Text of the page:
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Posts Tagged ‘Afghanistan’

If Morgan Stanley, Citibank, Bank of America, AIG, GM, Chrysler, Fannie, and Freddie were each too big to fail, then why aren’t Pakistan…

…and Afghanistan…

…too big to fail?

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Here’s what we know about the Obama perspective on international affairs:

  1. Obama appointees think Karzai’s election in August was a fraud.
  2. Fraud also occurred during the 2004 election, when Karzai was initially elected.
  3. When Obama thinks a government has been removed without an election, he wants the old government to be reinstalled, no matter how poorly that government may have acted.
  4. Until that government is reinstalled, the Obama administration doesn’t recognize future elections, no matter how fair they may be.
  5. The Administration believes there is “clearly a difference” between the Taliban and al Qaeda.
  6. They also think the Afghan Taliban is not a threat to the United States.
  7. We are at war against al Qaeda, but maybe not the Taliban.
  8. The Taliban was removed from power through U.S. intervention in a longstanding civil war between the Taliban and the tribes of the Northern Alliance.
  9. “No one nation can or should try to dominate another nation. No world order that elevates one nation or group of people over another will succeed.”
  10. This White House has made significant policy shifts based on a brutally-oppressive regime’s statements and promises alone, or even in hopes that another government will change its behavior in response to our unilateral change.
  11. Leading liberal intellectuals believe that we must negotiate with the Taliban.

So, if the Taliban comes forward, apologizes for killing over 800 Americans over the past 8 years and for harboring al Qaeda in the years leading up to 9/11, and promises not to harbor terrorists in the future, will Obama let them have their country back?  Or at the very least, will he consider the matter of who governs Afghanistan to be an “internal matter” and get out of the way?

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Imagine this scenario.

You’re a Blue Dog Democrat from a Midwestern district who got elected in 2006.  You ran on a moderately anti-Iraq War platform, but you kept your national security credentials by saying we needed to do more in Afghanistan.  You won in 2008 by a healthy 8-point margin, but you had a weak opponent, and McCain won your district, 52-48%.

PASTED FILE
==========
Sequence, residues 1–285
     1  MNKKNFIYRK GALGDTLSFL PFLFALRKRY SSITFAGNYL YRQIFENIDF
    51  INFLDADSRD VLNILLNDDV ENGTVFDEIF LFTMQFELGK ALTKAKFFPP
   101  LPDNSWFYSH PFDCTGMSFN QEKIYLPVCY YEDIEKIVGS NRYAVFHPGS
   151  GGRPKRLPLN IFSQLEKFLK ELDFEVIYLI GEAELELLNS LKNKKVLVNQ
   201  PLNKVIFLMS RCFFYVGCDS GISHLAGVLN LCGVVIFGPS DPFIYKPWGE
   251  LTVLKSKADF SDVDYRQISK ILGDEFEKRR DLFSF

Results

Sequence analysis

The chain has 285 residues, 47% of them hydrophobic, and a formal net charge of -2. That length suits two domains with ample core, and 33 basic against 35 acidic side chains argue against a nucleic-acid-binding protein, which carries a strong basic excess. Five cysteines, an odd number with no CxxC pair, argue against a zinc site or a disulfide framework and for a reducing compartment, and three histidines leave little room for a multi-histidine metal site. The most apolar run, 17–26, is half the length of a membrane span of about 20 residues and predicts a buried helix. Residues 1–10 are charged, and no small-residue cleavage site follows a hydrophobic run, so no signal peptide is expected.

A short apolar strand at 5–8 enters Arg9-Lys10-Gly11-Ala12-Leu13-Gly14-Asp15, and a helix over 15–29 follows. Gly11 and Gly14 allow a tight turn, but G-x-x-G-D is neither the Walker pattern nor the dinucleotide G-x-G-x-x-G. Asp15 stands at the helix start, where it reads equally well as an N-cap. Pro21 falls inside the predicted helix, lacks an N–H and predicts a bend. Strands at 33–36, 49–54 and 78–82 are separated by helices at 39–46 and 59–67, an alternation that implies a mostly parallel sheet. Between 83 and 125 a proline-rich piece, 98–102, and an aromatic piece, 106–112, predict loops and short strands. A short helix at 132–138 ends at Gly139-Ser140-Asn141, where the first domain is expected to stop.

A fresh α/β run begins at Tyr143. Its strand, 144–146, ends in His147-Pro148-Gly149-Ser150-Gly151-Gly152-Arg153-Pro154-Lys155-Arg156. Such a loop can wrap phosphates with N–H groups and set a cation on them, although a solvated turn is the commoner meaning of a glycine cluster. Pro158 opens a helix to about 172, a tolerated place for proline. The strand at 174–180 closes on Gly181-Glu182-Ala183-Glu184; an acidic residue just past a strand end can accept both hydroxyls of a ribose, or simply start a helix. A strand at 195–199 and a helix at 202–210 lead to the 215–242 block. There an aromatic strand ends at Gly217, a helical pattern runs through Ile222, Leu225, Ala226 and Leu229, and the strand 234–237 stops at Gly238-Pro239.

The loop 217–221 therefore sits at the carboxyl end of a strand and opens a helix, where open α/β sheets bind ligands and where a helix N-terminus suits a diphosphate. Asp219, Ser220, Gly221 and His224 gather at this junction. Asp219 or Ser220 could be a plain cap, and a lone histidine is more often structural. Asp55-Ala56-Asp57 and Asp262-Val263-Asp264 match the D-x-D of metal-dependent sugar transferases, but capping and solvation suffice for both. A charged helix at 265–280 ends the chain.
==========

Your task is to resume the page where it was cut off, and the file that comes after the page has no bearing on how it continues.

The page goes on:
You were among those who initially expressed skepticism about Obamacare, which took some heat off the town hall meetings, but they were still filled with hundreds of grumpy constituents who beat you up with Pelosi and the President.  You’ve already got a strong opponent for 2010, and he’s used your votes for the stimulus bill and cap-and-trade (the latter which you really regret) to raise $250,000 in two quarters of fundraising.  You know you’ll vote against the House health care bill, but you don’t know what you’ll do on the compromise bill that will almost certainly emerge from the Senate.

One fine day, you get a call from the President himself.  After some pleasantries, he gets down to business.  The President asks for your support for his health care plan.  You respond that you just don’t know if you can support a public option, and you know you can’t support a bill with public funding for abortion.  The President says, “Forget the abortion stuff.  That comes out.  But I need the public option.  And I’m willing to stay in Afghanistan for your vote.”  You say, “Excuse me, Mr. President?”

The President explains: “That’s right, Congressman.  I have reviewed General McChrystal’s report, and I simply can’t abide the thought of conducting counterinsurgency operations with double the troops in Afghanistan for the rest of my presidency.  I see no way out of this without thousands more lives lost, and the government there is always going to be fragile.”

“I want to reduce our troop levels to a residual force that will be focused on protecting Kabul and providing remote support for attacks against terrorist targets in the border region.  But I know you and many of your colleagues feel differently.  And I am willing to compromise in a way that gets us enough votes to pass health care reform for all Americans while maintaining our force in Afghanistan.”

“I’ll accept McChrystal’s request and send 100,000 more troops to Afghanistan, but I can’t get the funds through the House without getting a public option on health care reform.  I’ll even phase in the health care plan over five years, so if it doesn’t work, we can fix it.  I’ve made the deal – I’ve got enough Afghanistan votes in the Progressive Caucus, and you and I know the Republicans will get us the rest of the way.  I just need you and a few more Blue Dogs to go along with the public option.”

“So,” says the President of the United States, “can I count on your vote?”

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